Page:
The next day we flew to Tokyo to begin the final leg of our trip. A few days round Tokyo (lots of neon, subway trains and raw fish) later and we are up to date.

We start 14 days of rail travel tomorrow before popping back to Tokyo for out flight home. Suddenly going very quickly...


- No space at the Inn – upon turning up at our hostel in Tokyo: “Sorry sir the 8-bed dorm beds you reserved are fully booked...therefore we’ve put you in two en-suite single rooms. We hope this is ok?”.

Ok? Yes. Yes it is.

- Easy exam – the diving exam is not the most difficult in the world, for example:

Question 11 - You see a large and potentially dangerous marine animal. You should:

a) AGREESIVELY swim towards the animal, preferably shaking your fists

b) REMOVE your BREATHING APPERATUS and play dead on the ocean floor

c) STAB your buddy, thereby drawing attention away from yourself

d) Calmly and slowly swim away from the animal

I’m paraphrasing a little, but you get the idea.

Tuesday, 20 October 2009

Australia - Brisbane to the Whitsundays

Over the last week or so we have covered the same distance as we managed over the previous four, covering around a third of the east coast from Bryon Bay to the Whitsundays.

After the pleasant malaise that was Byron bay, we embarked upon a series of tours and coach journeys up the coast, taking in Brisbane, Fraser Island and the Whitsunday islands. As we spent so much time in Bryon, we had to cram this into a relatively short space of time, leading to a hectic few days. I’m pleased to report that having finished the tours we have a bit of down time, letting me write this by the pool before we head off again tomorrow. Difficult business this travelling lark...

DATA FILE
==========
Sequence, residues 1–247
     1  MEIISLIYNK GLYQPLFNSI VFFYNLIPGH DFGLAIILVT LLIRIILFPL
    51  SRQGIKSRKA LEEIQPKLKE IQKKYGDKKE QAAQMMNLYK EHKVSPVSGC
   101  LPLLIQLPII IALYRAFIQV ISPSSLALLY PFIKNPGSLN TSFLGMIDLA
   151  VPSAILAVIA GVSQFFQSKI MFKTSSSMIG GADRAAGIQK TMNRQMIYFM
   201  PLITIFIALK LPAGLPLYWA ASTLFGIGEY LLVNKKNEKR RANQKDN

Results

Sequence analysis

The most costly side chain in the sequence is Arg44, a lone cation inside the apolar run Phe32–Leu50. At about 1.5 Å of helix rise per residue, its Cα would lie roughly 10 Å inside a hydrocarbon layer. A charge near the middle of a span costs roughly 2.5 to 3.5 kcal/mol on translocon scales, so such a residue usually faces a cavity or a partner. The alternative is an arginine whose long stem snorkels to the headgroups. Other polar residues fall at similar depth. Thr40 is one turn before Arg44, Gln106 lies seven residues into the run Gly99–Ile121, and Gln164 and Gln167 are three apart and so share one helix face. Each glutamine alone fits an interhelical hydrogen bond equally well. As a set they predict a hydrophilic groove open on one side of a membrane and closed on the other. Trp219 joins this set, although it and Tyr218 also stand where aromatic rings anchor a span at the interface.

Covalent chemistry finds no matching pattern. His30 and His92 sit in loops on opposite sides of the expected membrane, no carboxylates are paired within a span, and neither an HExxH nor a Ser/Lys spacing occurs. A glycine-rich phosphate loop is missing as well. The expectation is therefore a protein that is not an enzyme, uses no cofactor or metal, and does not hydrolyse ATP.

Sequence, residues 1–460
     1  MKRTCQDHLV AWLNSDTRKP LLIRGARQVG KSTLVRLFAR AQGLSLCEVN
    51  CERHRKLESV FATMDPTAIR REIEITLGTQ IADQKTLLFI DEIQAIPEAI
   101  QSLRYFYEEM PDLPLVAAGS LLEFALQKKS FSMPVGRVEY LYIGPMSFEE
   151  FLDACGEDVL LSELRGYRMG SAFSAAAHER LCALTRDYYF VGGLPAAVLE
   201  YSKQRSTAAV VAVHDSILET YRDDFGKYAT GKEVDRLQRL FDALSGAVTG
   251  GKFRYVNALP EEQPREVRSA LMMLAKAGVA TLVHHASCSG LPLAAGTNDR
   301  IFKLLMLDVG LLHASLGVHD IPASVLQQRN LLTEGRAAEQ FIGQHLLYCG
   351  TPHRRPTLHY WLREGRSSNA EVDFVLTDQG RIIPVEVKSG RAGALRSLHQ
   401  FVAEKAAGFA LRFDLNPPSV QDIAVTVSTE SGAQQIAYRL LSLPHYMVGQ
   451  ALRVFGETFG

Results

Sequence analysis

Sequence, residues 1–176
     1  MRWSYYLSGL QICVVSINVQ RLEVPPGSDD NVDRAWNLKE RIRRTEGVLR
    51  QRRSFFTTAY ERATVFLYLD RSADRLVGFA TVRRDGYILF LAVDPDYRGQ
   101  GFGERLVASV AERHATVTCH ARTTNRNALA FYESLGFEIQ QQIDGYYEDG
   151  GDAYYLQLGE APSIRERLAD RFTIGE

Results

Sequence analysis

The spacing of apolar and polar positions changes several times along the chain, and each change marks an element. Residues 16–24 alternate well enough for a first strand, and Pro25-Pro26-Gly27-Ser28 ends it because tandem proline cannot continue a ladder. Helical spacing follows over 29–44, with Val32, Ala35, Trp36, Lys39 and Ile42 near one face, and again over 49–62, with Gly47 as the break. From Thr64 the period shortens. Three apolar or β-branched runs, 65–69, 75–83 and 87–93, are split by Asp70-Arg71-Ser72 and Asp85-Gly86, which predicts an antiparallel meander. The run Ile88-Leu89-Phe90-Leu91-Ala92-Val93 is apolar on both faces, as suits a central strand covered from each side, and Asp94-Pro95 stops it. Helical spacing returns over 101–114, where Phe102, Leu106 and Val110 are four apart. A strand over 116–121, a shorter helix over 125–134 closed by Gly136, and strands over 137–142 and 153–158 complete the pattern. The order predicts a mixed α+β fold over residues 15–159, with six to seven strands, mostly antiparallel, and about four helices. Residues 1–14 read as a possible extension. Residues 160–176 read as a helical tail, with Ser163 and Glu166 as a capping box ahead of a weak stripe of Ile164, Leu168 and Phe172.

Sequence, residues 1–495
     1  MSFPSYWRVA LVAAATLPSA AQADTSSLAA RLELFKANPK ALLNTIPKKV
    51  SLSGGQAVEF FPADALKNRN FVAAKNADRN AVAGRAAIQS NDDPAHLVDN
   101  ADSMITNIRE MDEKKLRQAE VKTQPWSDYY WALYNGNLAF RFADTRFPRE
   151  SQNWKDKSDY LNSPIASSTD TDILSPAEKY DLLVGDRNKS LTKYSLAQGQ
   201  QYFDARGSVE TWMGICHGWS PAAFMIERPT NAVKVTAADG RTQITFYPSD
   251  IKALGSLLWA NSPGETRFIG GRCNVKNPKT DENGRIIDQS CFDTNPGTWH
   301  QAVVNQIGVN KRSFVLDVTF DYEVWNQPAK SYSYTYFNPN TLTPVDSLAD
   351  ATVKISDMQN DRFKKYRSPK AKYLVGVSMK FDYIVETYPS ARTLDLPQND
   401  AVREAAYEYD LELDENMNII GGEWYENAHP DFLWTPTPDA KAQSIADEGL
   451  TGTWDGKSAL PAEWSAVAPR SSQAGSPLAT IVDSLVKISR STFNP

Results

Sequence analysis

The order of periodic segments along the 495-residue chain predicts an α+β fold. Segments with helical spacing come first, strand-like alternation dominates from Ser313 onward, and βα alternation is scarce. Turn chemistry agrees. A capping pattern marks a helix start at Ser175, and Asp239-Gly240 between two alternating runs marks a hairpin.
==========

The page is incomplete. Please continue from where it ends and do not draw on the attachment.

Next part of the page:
- Brisbane is typical city stuff, nice enough with some interesting buildings, art galleries etc but nothing much to write home about. It does have an artificial beach, being inland and Aussies being unable to operate without their daily dose of sand. An artificial beach in Leicester would be quite something; however spending the past four weeks on and off Bondi et al removed much of the novelty value.

Fraser Island

- Along with the Whitsundays, Fraser Island seems to be “the” travellers thing to do on the east coast. Fraser is the world’s largest sand island and is inhabited by more dingos than people. The key selling point about Fraser is your transport, which takes the form of “self drive” 4*4’s. Practically, this translates to you being put in a big land rover with 8 other people, food and camping gear and driving yourself around the island for 3 days. No guide, no driver, just a tank of fuel, a shed load of pasta, 9 backpackers and a map.
The island itself is covered in forest, freshwater lakes and is all very pretty, if not quite as stunning as we’d been led to believe. That said, see the picture of the resident shipwreck above and driving a 4*4 at 80kph down a beach, while dodging landing aircraft is not to be missed. Great fun.